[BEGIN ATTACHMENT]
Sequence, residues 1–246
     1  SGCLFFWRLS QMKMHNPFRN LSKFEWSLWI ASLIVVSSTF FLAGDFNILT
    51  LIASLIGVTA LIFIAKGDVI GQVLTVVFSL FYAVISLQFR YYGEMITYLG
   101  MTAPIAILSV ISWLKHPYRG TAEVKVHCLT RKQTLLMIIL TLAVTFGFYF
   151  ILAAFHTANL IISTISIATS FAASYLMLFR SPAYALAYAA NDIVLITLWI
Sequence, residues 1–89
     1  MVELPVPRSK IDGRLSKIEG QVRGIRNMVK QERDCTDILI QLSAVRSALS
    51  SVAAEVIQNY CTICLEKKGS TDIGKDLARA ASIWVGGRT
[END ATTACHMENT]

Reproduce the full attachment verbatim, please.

Sequence, residues 1–246
     1  SGCLFFWRLS QMKMHNPFRN LSKFEWSLWI ASLIVVSSTF FLAGDFNILT
    51  LIASLIGVTA LIFIAKGDVI GQVLTVVFSL FYAVISLQFR YYGEMITYLG
   101  MTAPIAILSV ISWLKHPYRG TAEVKVHCLT RKQTLLMIIL TLAVTFGFYF
   151  ILAAFHTANL IISTISIATS FAASYLMLFR SPAYALAYAA NDIVLITLWI
Sequence, residues 1–89
     1  MVELPVPRSK IDGRLSKIEG QVRGIRNMVK QERDCTDILI QLSAVRSALS
    51  SVAAEVIQNY CTICLEKKGS TDIGKDLARA ASIWVGGRT